Re: OE *picga

From: tgpedersen
Message: 16535
Date: 2002-10-28

--- In cybalist@..., "Richard Wordingham" <richard.wordingham@...>
> --- In cybalist@..., Piotr Gasiorowski <piotr.gasiorowski@...>
> wrote:
> >
> > ----- Original Message -----
> > From: Richard Wordingham
> > To: cybalist@...
> > Sent: Thursday, October 24, 2002 2:14 PM
> > Subject: [tied] Re: OE *picga
> >
> > It's free variation, as far as I can see, just like there being
> orthographic contrast between /k/ and /tS/ in Old English.
> Except before back vowels.
> > Did you say Hogg? All right, he will testify. Here is what
> Hogg says in _A Grammar of Old English [Vol.1: Phonology]_ (1992,
> Oxford: Blackwell):
> >
> > "Naturally [gg], which was undoubtedly a geminate stop, could
> arise by processes other than WGmc gemination, since [gg] by that
> process develops as /dZ/. The problem is that the words which
> [gg] are not only of dubious etymology but are also members of a
> clear semantic set, largely animal pet-names, such as
_docga_ 'dog',
> _frogga_ 'frog', *_picga_ 'pig', *_stagga_ 'stag' [here the scribal
> variation is Hocg's... sorry, Hogg's own], _sugga_ 'sparrow',
> _wicga_ 'earwig'. As such, the status of [gg] is rather less clear
> than it might be, since it would seem to have some phonaesthetic
> force..."
> >
> > He also notes that <sceacga> is possibly a borrowing from ON
> (though one wonders why we have <shag> rather than +<skag> then).
> And the ON form with a geminate is skeggr 'beard', so the vowel
> doesn't fit either.
> > > Is the expressive gemination of voiced consonants OE, Germanic
> Scandinavian (cf Swedish sugga 'sow')? Moreover, what is being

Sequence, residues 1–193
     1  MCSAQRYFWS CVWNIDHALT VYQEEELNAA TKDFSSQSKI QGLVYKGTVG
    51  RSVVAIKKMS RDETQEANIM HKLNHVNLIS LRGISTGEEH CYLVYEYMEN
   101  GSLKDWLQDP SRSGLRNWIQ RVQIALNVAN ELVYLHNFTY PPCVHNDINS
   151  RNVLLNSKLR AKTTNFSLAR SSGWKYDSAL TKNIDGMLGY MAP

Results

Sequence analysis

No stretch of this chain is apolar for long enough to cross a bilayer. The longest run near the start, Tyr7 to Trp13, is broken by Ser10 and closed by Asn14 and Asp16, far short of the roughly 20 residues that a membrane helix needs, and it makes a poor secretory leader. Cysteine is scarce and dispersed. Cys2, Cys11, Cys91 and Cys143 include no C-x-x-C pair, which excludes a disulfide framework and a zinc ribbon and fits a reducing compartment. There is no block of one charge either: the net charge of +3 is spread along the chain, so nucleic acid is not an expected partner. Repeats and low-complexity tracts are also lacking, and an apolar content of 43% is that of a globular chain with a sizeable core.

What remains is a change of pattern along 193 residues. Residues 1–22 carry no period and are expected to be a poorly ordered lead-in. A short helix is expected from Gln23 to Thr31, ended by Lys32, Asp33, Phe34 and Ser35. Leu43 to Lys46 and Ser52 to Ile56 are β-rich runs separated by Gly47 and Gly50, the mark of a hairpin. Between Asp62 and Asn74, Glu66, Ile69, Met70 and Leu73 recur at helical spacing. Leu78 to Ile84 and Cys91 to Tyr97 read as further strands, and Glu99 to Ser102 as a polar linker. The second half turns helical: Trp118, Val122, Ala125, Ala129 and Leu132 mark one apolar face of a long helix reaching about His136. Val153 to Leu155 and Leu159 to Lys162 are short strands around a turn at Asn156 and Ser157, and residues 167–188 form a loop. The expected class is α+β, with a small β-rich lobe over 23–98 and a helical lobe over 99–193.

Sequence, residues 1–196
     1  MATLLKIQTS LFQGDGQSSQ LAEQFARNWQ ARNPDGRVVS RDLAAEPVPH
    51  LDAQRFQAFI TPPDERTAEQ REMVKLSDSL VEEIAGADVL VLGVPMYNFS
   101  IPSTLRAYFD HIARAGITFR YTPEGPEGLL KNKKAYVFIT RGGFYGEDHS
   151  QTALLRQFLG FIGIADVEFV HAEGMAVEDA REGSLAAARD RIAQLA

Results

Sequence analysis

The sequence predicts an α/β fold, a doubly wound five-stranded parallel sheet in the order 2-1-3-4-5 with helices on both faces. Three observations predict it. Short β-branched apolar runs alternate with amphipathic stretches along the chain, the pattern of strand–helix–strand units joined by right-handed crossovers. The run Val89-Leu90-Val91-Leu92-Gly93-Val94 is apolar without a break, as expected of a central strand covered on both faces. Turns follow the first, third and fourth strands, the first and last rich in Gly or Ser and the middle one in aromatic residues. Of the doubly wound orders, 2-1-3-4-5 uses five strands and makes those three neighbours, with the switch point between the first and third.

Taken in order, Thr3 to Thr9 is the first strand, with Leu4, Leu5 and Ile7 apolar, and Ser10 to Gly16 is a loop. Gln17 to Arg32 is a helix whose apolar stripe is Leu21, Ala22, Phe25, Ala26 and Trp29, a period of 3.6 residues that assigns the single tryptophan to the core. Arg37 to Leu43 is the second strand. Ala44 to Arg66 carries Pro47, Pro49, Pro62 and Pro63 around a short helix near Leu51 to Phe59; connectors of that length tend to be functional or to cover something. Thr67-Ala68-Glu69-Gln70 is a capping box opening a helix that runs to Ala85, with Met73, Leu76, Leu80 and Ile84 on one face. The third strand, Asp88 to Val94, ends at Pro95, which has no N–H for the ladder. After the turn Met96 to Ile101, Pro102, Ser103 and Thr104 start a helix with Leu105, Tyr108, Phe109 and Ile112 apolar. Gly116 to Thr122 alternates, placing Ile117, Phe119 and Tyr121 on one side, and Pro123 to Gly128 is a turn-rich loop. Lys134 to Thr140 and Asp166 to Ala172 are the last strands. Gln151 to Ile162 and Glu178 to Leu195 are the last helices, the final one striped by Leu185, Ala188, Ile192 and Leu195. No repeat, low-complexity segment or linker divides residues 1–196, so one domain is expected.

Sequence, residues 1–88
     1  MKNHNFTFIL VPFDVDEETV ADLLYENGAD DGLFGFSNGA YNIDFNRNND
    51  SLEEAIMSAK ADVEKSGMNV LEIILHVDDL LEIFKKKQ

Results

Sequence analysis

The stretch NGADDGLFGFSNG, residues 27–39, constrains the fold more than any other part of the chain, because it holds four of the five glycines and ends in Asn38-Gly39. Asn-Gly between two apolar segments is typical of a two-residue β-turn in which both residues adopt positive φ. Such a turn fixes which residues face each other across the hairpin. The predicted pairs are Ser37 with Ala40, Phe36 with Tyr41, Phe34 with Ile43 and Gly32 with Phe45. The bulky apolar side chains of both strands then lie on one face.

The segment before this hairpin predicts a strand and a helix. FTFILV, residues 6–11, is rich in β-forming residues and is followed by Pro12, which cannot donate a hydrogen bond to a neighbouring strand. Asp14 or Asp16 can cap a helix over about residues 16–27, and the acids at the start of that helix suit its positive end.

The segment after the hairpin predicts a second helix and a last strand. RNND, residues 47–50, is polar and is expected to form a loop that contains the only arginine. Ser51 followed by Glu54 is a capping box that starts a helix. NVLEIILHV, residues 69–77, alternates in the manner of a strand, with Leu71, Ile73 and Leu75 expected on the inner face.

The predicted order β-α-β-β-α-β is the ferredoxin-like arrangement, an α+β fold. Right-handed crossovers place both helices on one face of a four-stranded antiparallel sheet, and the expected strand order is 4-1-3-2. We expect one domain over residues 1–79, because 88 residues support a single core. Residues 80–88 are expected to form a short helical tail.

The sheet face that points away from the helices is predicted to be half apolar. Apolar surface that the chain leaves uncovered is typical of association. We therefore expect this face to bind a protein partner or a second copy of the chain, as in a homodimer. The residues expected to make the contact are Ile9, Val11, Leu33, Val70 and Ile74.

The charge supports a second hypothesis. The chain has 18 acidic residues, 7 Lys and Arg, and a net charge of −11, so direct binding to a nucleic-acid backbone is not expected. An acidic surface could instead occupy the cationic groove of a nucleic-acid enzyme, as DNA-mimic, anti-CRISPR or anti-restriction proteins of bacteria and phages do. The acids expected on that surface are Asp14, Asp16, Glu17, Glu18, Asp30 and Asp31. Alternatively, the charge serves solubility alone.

> geminated in Frogga & co? <-gga>/<-cga> looks like a word-
> > classifying suffix, akin to '-er' in German animal words.
> >
> > It's OE in these words, but there are similar tendencies
> Germanic (plus analogies in Greek, Latin and Celtic). To form a
> hypocorism, take a word and truncate it (if you think it's too
> leaving only the initial syllable and the onset of the second; you
> may geminate the latter, and if you manipulate its phonation in the
> process, or mutilate what used to be a cluster, nobody will mind;
> finally, add weak-noun inflections. "What is your name, boy?
> Wulfhere? That sounds too serious; we shall call you Wuffa." The
> operation of the process is easy to see in <frox, frosc> ->
> I can see *frocca > dialect 'frock' (cited in Falk & Torp, who
> propose a different derivation), but do you have examples of the
> mangled onset being more marked? The other forms still seem to
> a <-cga> suffix, unless one can derive 'wicga' from something like
> <wagian> = 'totter', 'sway' (>? 'wag') or an unattested ancestor
> of 'wiggle'.
> > statistically correct
> That's a good way of saying wrong but usually good enough!
> Richard.

from EIEC:

vigg "horse" Old Norse
wicg "horse" Old English

but it's probably not an earhorse.